|Prime Minister Binyamin Netanyahu said Wikileaks documents 'vindicate' Israeli warnings on Iran [AFP]
Embarrassing, damaging or actually helpful? Israeli reactions to the explosive Wikileaks revelations run the full gamut.
After a worried prelude to the disclosures of the diplomatic to-and-fro between Israel and its greatest ally the US, and fears that the leaks would expose US antagonism to the Israeli leadership’s character and policies, there was an audible sigh of relief when the leaks finally came out overnight Sunday.
"There is no disparity between the public discourse between us and Washington, and the mutual understanding of each other’s positions," Prime Minister Binyamin Netanyahu told reporters, not concerned about concealing his satisfaction.
The satisfaction came even further to the fore when Netanyahu and his top ministers latched onto the Wikileaks disclosures that show Arab leaders viewing Iran just as Israel does - as the chief threat to the Middle East.
According to the US diplomatic memos released by Wikileaks, King Abdullah of Saudi Arabia repeatedly urged Washington to attack Iran in order to destroy its nuclear programme.
Netanyahu told a news conference Tuesday afternoon that the Saudi monarch was just one of many voices in the Arab world who, according to the documents, were calling for tough action against Iran – "proof that Israel is not alone in its belief that Iran is a growing menace to the region," said the Israeli leader.
"The greatest threat to world peace stems from the arming of the regime in Iran," Netanyahu added. "More and more states, governments and leaders in the region, understand this is a fundamental threat."
"Our warnings have been vindicated," Netanyahu continued, "For the first time, it is now publicly clear that the world understands that it is Iran, not Israel, which is the greatest threat to the region.
"If Middle East leaders start saying openly what they’ve long been saying behind closed doors, we can make a real breakthrough on the road to peace," Netanyahu maintained.
Top Israeli political analyst David Landau, normally a trenchant critic of the prime minister, said that the revelations amounted to "a remarkable corroboration of what Israel has been saying for years – that a moderate Arab alliance has been forming against extremist Shia and against Iran, with Israel a silent partner in this shaping battle."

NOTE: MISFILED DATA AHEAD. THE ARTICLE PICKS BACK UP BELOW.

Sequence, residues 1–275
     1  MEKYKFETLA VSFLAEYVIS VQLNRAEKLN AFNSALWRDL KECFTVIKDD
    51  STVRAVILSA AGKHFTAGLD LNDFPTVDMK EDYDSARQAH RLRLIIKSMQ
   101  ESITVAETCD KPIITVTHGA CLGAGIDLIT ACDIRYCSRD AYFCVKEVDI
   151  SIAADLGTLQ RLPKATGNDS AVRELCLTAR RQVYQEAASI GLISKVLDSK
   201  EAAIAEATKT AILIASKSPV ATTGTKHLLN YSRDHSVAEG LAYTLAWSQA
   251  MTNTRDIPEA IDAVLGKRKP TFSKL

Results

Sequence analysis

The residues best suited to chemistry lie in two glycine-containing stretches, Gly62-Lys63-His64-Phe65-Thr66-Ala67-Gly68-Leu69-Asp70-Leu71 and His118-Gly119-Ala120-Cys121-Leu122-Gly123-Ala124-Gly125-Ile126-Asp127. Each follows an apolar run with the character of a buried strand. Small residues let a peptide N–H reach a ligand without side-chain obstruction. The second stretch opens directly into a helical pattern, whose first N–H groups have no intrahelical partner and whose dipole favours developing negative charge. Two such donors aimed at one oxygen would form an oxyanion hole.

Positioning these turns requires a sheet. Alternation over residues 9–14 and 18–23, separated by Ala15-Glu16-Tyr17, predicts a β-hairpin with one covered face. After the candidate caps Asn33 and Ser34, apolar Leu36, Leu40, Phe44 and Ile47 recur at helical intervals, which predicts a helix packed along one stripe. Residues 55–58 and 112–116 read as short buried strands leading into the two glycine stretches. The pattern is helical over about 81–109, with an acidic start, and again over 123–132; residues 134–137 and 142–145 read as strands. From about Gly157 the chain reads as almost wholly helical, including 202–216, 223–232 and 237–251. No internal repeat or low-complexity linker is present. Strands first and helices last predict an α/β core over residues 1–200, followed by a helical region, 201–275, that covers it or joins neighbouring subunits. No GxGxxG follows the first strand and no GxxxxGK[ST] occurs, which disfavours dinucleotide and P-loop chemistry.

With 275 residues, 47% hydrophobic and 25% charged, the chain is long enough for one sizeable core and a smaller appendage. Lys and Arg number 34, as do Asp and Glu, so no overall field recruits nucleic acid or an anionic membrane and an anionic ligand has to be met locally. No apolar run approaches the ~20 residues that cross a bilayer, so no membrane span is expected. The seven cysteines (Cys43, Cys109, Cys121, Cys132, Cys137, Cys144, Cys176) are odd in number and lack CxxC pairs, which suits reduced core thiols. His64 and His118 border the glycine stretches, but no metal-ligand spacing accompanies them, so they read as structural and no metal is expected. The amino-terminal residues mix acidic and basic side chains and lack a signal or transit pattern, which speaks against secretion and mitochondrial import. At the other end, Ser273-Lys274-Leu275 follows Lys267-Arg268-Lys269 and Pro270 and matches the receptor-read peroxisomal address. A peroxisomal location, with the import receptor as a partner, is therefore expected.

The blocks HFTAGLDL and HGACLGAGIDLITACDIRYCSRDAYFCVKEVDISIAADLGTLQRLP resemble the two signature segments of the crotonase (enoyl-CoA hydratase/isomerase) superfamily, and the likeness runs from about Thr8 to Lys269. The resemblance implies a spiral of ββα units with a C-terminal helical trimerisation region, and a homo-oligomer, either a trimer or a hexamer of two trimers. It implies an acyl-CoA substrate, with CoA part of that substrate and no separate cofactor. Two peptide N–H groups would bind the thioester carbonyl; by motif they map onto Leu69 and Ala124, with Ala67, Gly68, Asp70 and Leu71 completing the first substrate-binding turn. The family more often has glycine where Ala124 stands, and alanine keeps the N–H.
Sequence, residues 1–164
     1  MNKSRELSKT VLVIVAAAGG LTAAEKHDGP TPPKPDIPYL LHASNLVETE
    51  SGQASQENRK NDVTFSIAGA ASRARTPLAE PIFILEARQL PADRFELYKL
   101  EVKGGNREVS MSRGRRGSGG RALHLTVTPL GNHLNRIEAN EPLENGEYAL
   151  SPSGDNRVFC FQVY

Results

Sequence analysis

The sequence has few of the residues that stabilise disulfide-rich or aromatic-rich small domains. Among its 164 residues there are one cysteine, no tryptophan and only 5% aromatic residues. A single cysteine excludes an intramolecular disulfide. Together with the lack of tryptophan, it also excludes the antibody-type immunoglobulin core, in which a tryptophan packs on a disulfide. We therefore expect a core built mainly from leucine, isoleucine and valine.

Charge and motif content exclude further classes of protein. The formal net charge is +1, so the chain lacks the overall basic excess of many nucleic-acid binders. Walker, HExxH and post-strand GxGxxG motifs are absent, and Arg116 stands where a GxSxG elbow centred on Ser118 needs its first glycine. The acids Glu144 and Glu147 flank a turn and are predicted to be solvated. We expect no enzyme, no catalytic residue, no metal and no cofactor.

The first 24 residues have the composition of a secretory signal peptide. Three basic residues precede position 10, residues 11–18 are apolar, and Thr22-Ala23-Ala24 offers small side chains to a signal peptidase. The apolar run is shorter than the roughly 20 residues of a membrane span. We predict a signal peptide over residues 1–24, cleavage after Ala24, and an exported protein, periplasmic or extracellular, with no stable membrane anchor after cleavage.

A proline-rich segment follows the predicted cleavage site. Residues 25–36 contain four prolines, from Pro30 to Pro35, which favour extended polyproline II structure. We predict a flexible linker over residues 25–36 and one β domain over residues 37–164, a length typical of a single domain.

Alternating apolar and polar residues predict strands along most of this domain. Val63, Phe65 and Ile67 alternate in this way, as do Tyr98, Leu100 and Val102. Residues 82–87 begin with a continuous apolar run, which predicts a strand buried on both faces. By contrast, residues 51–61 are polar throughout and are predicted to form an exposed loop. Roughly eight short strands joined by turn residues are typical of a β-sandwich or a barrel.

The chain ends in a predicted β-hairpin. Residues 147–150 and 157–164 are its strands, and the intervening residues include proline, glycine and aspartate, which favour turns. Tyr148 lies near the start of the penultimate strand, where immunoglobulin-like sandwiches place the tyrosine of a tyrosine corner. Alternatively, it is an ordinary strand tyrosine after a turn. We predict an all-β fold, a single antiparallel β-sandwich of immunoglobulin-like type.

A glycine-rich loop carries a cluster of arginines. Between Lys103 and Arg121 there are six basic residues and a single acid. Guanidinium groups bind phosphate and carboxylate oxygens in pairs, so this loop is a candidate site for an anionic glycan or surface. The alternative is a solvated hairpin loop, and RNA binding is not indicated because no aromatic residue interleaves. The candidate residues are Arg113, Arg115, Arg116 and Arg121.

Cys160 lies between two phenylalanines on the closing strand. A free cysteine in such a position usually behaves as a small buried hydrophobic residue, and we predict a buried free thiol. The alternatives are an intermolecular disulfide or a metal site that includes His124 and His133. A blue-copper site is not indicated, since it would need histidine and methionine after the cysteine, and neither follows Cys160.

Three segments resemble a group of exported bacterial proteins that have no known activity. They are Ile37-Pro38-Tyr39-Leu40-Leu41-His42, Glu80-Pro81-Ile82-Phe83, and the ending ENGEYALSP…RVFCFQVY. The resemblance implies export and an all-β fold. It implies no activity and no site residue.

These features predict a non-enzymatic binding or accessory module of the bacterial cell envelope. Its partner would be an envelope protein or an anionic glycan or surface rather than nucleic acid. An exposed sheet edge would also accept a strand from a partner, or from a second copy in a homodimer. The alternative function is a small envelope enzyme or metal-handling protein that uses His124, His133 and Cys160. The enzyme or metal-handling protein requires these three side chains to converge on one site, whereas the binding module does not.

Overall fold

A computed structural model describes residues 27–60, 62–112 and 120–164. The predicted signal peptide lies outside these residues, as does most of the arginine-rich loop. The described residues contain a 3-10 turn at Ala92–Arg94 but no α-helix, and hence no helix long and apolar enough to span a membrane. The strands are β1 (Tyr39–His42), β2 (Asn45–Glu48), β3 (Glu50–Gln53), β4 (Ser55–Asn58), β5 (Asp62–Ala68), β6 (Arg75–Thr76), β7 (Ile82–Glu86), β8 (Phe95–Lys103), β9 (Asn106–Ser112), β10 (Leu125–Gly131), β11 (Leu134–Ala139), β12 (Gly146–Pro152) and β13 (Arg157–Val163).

In contrast, a leading Israeli scholar of Arab politics, and a former ambassador to Egypt, Profesor Shimon Shamir, believes that the leaks are "damaging to the cause of containing Iran and radical elements within the region".
"The disclosures are ultimately embarrassing to the moderate Arab camp which wants to stop Iran. While it is true that they have been urging the US to take a tough stand on Iran’s nuclear ambitions, they’re always wary of being seen by their own publics as adopting policies that are in line with those of Washington. This will only weaken them and is thus damaging to Israel’s 'Stop Iran' campaign," he said.
Shamir also noted that unlike the delight within the Israeli establishment about the "non-disparity" between public positions and behind-the-scenes diplomatic stances in the region, there will inevitably be consternation among the pro-Western Arab states that this "disparity" in the case of Arab societies has been brought out into the open.
Where there was some embarrassment for Israel was the disclosure that Israel views Palestinian President Mahmoud Abbas as being wholly dependent for his future and that of the Palestinian Authority (PA) on Israel’s backing of him.
Specifically, it was the confirmation by WikiLeaks that Israel had tried to coordinate with the PA its fierce assault on Hamas during the war it launched in Gaza last year. The classified diplomatic cables released by Wikileaks expose Israeli Defence Minister Ehud Barak as trying to solicit PA and Egyptian support prior to the Israeli offensive. Barak wanted to know whether Abbas and President Hosni Mubarak would both be "willing to assume control of Gaza once Israel defeated Hamas." Both Egypt and the PA refused.
There was also some measure of discomfort at the exposing of Netanyahu by the Egyptian leader as "elegant, charming, but a man who does not keep his promises."
The embarrassment, however, is minor. "What else is new, Wikileaks? We don’t need Mubarak to tell us Netanyahu can’t be trusted," wrote political commentator Akiva Eldar.
A version of this article first appeared on Inter Press Service news agency.